Competing interests: The authors have declared that no competing interests exist.
Candida albicans is a prevalent human fungal pathogen that poses significant medical challenge. It exists as a benign commensal in immunocompetent individuals but can become invasive and cause infections when the host immunity is impaired . Recurrent lesions are not fatal; however, disseminated mycoses can be lethal with high morbidity and mortality (∼40–60%) . In fact, candidiasis has been ranked fourth among leading types of nosocomial infections , . The limited arsenal of conventional antifungal treatments for candidiasis relies heavily on polyenes, azoles and echinocandins. Unfortunately, they either have narrow therapeutic index, poor bioavailability, poor gastrointestinal absorption, or severe side effects , . In addition, overuse of antifungal agents often leads to emergence of resistant strains that complicates the management of fungal infections in clinical settings .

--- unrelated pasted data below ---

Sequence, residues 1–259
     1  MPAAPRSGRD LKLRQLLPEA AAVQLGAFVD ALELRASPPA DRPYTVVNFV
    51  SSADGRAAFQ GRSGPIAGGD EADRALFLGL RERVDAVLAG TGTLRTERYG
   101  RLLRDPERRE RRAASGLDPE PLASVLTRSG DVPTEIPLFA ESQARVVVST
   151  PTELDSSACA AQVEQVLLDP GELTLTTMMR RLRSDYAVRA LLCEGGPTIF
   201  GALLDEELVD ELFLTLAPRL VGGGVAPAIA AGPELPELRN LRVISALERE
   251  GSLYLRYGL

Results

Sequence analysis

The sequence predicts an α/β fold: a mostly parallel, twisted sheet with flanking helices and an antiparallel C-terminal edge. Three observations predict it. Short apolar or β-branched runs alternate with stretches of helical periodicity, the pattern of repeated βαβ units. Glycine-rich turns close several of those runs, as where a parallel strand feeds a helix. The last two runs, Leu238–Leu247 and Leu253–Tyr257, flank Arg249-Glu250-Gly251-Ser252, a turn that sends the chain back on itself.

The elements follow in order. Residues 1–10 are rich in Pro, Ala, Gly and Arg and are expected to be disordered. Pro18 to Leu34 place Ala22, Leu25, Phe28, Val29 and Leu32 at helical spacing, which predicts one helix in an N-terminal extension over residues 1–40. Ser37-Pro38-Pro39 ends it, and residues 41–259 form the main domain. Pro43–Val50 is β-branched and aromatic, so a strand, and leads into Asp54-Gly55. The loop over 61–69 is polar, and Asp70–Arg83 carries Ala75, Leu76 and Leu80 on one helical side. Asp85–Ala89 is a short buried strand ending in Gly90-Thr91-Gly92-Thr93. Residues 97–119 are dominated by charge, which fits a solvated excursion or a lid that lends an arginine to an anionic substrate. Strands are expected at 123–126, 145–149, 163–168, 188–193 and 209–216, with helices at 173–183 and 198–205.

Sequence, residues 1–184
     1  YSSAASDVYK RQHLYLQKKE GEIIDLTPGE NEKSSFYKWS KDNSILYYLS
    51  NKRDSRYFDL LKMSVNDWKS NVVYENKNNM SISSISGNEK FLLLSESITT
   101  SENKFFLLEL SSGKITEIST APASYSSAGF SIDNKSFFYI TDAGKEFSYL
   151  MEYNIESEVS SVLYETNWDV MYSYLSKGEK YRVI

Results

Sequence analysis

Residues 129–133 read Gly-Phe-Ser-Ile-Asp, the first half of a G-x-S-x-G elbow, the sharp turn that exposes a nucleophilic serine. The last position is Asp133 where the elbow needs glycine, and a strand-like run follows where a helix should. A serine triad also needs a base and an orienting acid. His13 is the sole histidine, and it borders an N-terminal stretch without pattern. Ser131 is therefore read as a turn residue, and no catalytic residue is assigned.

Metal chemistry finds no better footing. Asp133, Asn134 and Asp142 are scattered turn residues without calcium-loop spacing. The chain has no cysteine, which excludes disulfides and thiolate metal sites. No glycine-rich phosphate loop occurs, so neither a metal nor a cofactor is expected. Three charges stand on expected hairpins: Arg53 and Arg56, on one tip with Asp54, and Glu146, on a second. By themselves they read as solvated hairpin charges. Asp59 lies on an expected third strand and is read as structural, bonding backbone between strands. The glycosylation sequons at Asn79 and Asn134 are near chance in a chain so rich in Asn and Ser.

The ability of C. albicans to colonize and proliferate in humans is closely related to its pathogenicity. One striking virulence trait of C. albicans is its ability to survive and switch reversibly between budded yeast and filamentous forms (pseudohyphae, true hyphae) , . The phenotypic plasticity is tightly regulated by environmental cues. Cells grown in the presence of serum, or at high temperature (37°C), or under neutral/alkaline conditions, trigger hyphal formation . The yeast-to-hypha transition is crucial for C. albicans infectivity. It is governed by the intracellular signalling pathways, for example, the cyclic AMP-protein kinase A (cAMP-PKA) and the Cek1 mitogen-activated protein kinase (MAPK) pathways which are tightly modulated by the membrane-bound GTPase (Ras1p) , . Blockade of hyphal growth attenuates host’s tissue damage, and mutants defective in filamentation or locked in the yeast form are avirulent in systemic candidiasis , . Hyphae not only help C. albicans to escape from host defence, but are also essential for pathogenicity by forming biofilms - heterogenous sessile communities of yeast and hyphal cells encased in extracellular matrix , . Candida biofilms are highly resistant to standard antifungal treatments. Biofilms on various indwelling implanted devices, such as vascular/urinary catheters and denture, are excellent reservoirs to persistent fungal infections. It has been estimated that 80% of infections are biofilm-associated . Therefore, impairment of hyphal development and biofilms may represent an effective and tangible measure to alleviate C. albicans pathogenesis, in line with the current antifungal paradigm that targets virulence traits instead of microbial eradication .